At long last, after decades out of print, the Milan based imprint, Dialogo, dives into the legendary catalog of Cramps, bringing forth the first ever vinyl reissue of David Tudor’s legendary LP, “Microphone”, part of an ongoing initiative dedicated to bring the imprint’s seminal output back into the light. Still mind-blowing nearly half a century after it was first released, now complete with a new English translation of the album’s original liner notes, this is just about as exciting as reissues come and not to be missed.
Edition of 500 LP on black vinyl. Audiophile pressing. Gatefold cover, including printed inner. Perfect replica of the original packaging (with additional translated liner notes) and newly remastered for optimal sound.
Of all the historic labels associated with experimental music, few have garnered as much affection, or as devoted a following, as the Italian imprint Cramps. Its catalog reads like a who’s who of the 1970s musical avant-garde, housing seminal albums by John Cage, Gruppo di Improvvisazione Nuova Consonanza, Giusto Pio, Demetrio Stratos, Juan Hidalgo, Robert Ashley, Walter Marchetti, Cornelius Cardew, Raul Lovisoni / Francesco Messina, Alvin Lucier, Derek Bailey, and so many more, the vast majority of which have remained largely out of print and nearly impossible to obtain for decades. Now, at long last, the Milan based imprint, Dialogo, has begun a stunning series of vinyl reissues from Cramps’ Nova Musicha series – dedicated to contemporary avant-garde composers – beginning with David Tudor’s Microphone, originally released in 1978. Fully remastered and housed in a sleeve that beautifully reproduces the album’s signature design, complete with brand a new English translation of the original liner notes, this is a truly historic event.
For its impact, Cramps was a relatively short-lived endeavor, running for roughly seven years between 1973 and 1980. Founded in Milan by the producer, publisher, and graphic designer, Gianni Sassi – publisher of counter-cultural magazines like Bit and Frankenstein, and the designer behind numerous covers for Bla Bla, including Franco Battiato‘s Fetus and Pollution – Cramps was the pitch perfect emblem of revolutionary Italian temperaments of its era; creatively radical, globally minded, without profit motive, and bridging numerous musical idioms, from progressive rock and jazz, to some of the most forward thinking and singular expression of sonic experimentalism the world has ever seen.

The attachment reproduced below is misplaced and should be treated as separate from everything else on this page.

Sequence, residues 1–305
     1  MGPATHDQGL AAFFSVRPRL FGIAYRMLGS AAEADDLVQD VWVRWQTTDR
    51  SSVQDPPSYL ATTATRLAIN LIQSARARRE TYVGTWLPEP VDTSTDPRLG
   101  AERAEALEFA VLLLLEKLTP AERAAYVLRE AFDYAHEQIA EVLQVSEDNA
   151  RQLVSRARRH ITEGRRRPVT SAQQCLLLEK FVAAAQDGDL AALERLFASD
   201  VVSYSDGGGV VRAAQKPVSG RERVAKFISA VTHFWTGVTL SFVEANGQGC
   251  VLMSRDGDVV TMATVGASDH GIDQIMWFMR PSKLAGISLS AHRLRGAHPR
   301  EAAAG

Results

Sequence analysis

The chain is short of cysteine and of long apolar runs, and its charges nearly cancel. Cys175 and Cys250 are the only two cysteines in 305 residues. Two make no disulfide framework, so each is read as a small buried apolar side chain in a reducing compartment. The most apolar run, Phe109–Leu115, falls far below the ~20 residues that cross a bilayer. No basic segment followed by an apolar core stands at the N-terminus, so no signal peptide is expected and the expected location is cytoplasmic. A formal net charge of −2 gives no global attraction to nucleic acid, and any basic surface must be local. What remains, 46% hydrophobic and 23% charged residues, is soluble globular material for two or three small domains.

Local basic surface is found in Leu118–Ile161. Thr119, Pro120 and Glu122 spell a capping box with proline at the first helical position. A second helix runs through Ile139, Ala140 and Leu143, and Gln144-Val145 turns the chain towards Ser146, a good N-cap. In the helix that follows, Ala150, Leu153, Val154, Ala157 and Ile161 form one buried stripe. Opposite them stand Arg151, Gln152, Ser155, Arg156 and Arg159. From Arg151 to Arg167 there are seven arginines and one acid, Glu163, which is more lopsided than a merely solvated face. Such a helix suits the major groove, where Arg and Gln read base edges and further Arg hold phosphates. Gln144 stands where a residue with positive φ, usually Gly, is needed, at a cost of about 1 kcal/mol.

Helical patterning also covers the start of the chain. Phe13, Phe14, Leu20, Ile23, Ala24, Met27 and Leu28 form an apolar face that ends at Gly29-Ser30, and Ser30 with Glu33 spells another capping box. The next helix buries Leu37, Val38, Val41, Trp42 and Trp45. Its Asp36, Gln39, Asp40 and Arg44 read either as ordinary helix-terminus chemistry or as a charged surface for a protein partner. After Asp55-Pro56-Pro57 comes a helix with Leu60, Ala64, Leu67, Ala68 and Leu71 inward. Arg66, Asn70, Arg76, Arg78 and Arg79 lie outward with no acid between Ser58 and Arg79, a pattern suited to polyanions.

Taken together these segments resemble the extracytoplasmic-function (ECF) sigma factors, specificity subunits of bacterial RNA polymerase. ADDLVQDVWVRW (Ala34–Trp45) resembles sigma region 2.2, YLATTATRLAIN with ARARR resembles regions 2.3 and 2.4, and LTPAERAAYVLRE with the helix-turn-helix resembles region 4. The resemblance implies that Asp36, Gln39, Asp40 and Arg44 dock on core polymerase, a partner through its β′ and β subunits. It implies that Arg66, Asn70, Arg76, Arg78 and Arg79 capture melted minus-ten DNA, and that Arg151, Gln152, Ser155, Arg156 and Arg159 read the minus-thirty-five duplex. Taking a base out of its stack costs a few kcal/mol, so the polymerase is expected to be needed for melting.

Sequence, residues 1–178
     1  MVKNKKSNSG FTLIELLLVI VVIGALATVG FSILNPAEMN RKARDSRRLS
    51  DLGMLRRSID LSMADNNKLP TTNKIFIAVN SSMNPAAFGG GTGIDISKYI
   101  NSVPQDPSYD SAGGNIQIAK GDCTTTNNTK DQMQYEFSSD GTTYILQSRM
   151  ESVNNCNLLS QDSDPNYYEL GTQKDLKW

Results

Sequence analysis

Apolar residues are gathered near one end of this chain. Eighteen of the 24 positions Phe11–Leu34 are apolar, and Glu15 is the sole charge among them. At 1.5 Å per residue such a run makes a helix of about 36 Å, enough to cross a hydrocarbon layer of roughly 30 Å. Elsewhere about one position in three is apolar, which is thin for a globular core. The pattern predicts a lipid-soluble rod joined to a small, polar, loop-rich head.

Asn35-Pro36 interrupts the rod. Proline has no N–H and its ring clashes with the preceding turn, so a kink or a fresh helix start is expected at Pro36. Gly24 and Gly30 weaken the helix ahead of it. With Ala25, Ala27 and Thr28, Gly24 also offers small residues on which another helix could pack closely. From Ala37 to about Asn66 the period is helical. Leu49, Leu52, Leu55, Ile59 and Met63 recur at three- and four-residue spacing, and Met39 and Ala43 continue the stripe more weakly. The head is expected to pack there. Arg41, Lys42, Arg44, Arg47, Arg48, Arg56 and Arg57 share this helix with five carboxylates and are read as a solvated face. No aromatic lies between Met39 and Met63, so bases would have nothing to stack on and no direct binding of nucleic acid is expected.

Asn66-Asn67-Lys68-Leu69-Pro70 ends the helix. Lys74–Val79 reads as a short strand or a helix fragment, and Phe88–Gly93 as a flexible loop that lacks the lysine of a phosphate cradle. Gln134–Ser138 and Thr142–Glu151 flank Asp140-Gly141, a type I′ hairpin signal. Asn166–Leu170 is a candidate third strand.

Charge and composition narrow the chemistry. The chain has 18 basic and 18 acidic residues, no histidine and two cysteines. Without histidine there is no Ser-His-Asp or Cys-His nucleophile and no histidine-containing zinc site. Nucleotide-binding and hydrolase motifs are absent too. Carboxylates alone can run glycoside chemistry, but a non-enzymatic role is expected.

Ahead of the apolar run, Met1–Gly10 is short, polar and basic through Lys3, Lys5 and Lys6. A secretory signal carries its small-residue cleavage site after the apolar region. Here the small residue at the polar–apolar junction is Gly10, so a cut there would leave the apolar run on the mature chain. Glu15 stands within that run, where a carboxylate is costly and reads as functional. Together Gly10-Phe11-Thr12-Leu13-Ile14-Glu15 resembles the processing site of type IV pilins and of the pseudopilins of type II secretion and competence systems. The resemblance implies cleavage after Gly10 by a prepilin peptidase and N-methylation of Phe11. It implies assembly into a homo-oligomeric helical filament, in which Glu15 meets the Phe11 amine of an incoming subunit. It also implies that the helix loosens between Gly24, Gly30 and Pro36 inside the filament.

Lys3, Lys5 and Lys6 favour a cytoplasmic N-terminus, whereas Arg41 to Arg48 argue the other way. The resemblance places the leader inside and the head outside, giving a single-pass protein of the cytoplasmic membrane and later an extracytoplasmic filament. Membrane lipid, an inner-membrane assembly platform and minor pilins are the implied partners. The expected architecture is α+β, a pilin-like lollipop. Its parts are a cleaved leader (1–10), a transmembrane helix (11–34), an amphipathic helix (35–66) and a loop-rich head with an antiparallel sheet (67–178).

Among the most beloved and sought-after albums released by Cramps – now finally reissued on vinyl by Dialogo – was the American composer and pianist David Tudor‘s Microphone, originally issued in 1978.1
Arguably the most important interpreter of experimental music during the 1950s and ’60s – shooting to fame as a result of his early performances of works by Pierre Boulez, Karlheinz Stockhausen, Morton Feldman, Earle Brown, Christian Wolff and La Monte Young, David Tudor remains most famous for his long-lasting working relationship with John Cage. To this day, the power and importance of these collaborations casts a long shadow over his own work as a composer, despite it becoming the central axis of role in his creative output, beginning in the early 1960s.
David Tudor’s own compositions almost entirely rest in the electronic realm, deploying modular devices – largely designed and built by himself – which were allowed to define both composition and performance. Building upon the innovations of Rainforest – a multimedia work that began to emerge in variations during the late ’60s and early ’70s – among the most important and famous of Tudor efforts as a composer is Microphone, which became his first recorded appearance as a solo composer, when the album was issued by Cramps in 1978.
Microphone utilizes a single sound-source, the modulation of microphone feedback produced in a distant echo chamber, sculpted in incidence and duration by narrow band filters, with numerous versions recorded simultaneously, before being spliced onto two channels, using a pan-matrix. The end result became a library of 9 stereo tapes – recorded at Mills College during 1973 – each about 32 min. long, that were used in any combination – played and stopped at any point, rewound and played again, altered in amplitude and/or equalization – during live performances or for electronic installations.
The version of Microphone that appears on this LP captures its realization in 1973 at the Pepsi Pavilion of Expo ’70, in Osaka, Japan, and derives from discoveries made through the composer’s collaboration in the design of the Pavilion’s acoustic system, which used 37 loudspeakers placed in a rhomboid grid system covering 3/4 of the sphere.
Clocking in at nearly an hour in length, once heard, Microphone rapidly emerges as one of the most striking and important works of 1970s electronic composition. Restrained and defined by exacting control on the part of the composer / performer, deep tonalities of varying durations and textures pulse with a chasmic void, as though emerging, fulling formed from a dark unknown. Time slows in unexpected and destabilizing ways, weaving a spectrum of sound from the wholly synthetic that feels strikingly connected to the organic world.
A work that leaves you on the edge of your seat from start to finish, Microphone brings the towering importance of David Tudor’s work as a composer into full focus, nearly 50 years after it was first laid to tape. Absolutely stunning and just as thrilling and ahead of its time today as it was then, it’s impossible to express how excited we are to have Dialogo’s long overdue vinyl reissue finally in our hands. As essential as any reissue comes, and not to be missed on any count.